284288 Homogeneous Nucleation Temperature of Water in the Doubly Metastable, Supercooled-Superheated State

Wednesday, October 31, 2012: 9:48 AM
Crawford West (Westin )
Eugene Choi1, I-Tzu Chen2 and Abraham D. Stroock2, (1)School of Chemical and Biomolecular Engineering, Cornell University, Ithaca, NY, (2)Chemical and Biomolecular Engineering, Cornell University, Ithaca, NY

Homogeneous nucleation temperature of water in the doubly metastable, supercooled-superheated state

Eugene Choi, I-Tzu Chen and Abraham Stroock

The origins of the anomalous behaviors of temperature-dependent thermodynamic parameters of supercooled liquid water are not fully understood [1]. Theoretical [2] and computational [3] studies point to the possibility of unusual and fundamental features in the regime of the phase diagram where water is supercooled and stretched (at negative pressure). However, lack of experimental data in this regime limits the depth of investigation. To our knowledge, the only experimental study done in this regime is the measurement of temperature of maximum density down to a pressure of -250 bar, far above the position of the predicted spinodal line [4].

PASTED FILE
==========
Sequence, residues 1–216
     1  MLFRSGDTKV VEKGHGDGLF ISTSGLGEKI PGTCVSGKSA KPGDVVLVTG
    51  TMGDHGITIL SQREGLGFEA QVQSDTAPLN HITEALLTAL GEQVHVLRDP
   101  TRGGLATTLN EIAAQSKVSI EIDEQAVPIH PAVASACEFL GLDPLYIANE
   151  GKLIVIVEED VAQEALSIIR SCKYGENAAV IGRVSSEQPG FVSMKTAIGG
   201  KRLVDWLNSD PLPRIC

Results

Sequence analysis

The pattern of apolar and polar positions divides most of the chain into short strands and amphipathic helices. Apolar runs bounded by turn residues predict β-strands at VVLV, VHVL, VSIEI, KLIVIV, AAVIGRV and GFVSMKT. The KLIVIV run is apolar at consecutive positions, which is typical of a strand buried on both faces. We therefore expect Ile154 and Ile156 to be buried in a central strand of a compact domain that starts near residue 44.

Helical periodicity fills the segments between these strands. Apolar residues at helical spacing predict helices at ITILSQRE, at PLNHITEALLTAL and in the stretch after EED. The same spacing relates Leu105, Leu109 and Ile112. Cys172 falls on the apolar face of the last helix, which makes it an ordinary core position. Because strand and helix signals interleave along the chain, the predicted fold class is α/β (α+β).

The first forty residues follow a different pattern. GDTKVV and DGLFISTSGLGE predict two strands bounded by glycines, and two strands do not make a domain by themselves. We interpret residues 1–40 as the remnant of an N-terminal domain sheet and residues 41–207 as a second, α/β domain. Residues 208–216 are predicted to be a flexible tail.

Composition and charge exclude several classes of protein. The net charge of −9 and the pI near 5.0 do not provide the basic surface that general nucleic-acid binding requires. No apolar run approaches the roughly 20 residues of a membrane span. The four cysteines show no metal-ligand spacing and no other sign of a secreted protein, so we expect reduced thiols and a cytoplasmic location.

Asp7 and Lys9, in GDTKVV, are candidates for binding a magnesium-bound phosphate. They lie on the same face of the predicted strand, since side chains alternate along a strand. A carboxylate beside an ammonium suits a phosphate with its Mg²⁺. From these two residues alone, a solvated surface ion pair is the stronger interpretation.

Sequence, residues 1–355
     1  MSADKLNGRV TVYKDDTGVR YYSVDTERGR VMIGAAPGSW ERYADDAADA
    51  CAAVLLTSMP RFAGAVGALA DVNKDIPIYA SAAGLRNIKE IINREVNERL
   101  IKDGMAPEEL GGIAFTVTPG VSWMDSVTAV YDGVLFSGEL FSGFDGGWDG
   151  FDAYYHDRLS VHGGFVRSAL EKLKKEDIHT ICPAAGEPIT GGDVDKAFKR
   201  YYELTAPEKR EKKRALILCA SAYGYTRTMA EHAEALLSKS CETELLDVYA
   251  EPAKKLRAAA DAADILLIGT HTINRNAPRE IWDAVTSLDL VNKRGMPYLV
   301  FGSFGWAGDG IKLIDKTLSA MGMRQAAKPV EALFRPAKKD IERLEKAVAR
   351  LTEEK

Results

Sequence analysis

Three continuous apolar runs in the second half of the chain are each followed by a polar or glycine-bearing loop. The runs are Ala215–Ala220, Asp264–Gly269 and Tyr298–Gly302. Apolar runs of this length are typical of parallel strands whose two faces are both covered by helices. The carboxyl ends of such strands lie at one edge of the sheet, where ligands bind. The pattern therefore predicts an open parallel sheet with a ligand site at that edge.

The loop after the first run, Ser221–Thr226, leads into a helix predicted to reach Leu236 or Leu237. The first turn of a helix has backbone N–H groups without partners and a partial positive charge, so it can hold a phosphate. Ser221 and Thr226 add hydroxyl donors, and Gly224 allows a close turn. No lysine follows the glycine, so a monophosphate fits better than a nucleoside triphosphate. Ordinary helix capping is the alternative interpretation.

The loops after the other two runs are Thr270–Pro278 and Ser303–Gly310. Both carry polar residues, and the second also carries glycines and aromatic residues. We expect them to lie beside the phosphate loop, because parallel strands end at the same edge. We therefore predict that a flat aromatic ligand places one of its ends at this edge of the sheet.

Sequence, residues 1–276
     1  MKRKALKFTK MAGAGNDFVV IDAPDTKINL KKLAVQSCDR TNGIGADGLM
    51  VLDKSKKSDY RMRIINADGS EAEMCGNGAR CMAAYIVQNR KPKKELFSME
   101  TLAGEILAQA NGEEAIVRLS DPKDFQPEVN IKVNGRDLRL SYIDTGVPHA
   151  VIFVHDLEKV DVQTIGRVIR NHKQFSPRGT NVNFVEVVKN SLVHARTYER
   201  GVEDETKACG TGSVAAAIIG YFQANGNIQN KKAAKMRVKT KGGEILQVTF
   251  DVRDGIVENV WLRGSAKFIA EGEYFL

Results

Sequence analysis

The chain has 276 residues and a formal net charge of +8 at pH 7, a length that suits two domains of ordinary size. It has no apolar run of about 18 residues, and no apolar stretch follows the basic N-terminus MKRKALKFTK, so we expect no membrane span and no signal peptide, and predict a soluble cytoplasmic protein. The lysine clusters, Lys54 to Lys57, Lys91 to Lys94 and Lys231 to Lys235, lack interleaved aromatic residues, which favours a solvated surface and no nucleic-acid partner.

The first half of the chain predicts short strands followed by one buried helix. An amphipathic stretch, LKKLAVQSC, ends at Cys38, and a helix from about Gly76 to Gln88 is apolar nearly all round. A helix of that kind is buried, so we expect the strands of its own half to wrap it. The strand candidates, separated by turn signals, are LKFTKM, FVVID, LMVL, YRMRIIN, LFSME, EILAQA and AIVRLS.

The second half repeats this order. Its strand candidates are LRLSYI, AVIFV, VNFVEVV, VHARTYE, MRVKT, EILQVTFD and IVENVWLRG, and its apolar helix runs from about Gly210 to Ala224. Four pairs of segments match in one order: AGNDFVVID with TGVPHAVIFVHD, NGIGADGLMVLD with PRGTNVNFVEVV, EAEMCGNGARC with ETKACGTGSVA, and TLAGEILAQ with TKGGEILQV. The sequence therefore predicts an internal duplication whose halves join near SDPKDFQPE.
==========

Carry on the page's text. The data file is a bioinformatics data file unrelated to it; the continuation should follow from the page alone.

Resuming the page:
In this presentation, we will report on our measurements of homogeneous nucleation temperatures of water in the supercooled-superheated regime that is achieved at negative pressures and reduced temperatures.  This regime is metastable with respect to both the solid and vapor phases. First, liquid water is trapped in macroscopic spherical voids dispersed in a porous organic hydrogel membrane. The sample is placed in an environmental chamber at a controlled temperature and activity of water vapor. The activity of water vapor is calculated based on the measured saturation pressure of supercooled water at a given temperature. Over time, supercooled water in the voids equilibrates with the sub-saturated water vapor, allowing the macroscopic volumes of liquid water to reach a supercooled-superheated state at well-defined temperatures and chemical potentials [5]. We will present the homogeneous nucleation points (T,P) measured in such a system and compare them with predictions based on extrapolations from nucleation theories and from the previous measurements at positive pressure and temperatures.  Finally, we will conclude with a discussion of the relevance of these measurements to the global understanding of water’s thermodynamic properties. 

[1] C.A. Angell, Ann.Rev.Phys.Chem., 34, 593 (1983)

[2] P.H. Poole et al., Phys.Rev.Lett., 73, 12 (1994)

[3] I.Brovchenki et al., J.Chem.Phys., 123, 044515 (2005)

[4] Henderson and Speedy, J.Phys.Chem.,91(11), 3062 (1987)

[5] T.D. Wheeler and A.D. Stroock, Nature, 455, 208 (2008)


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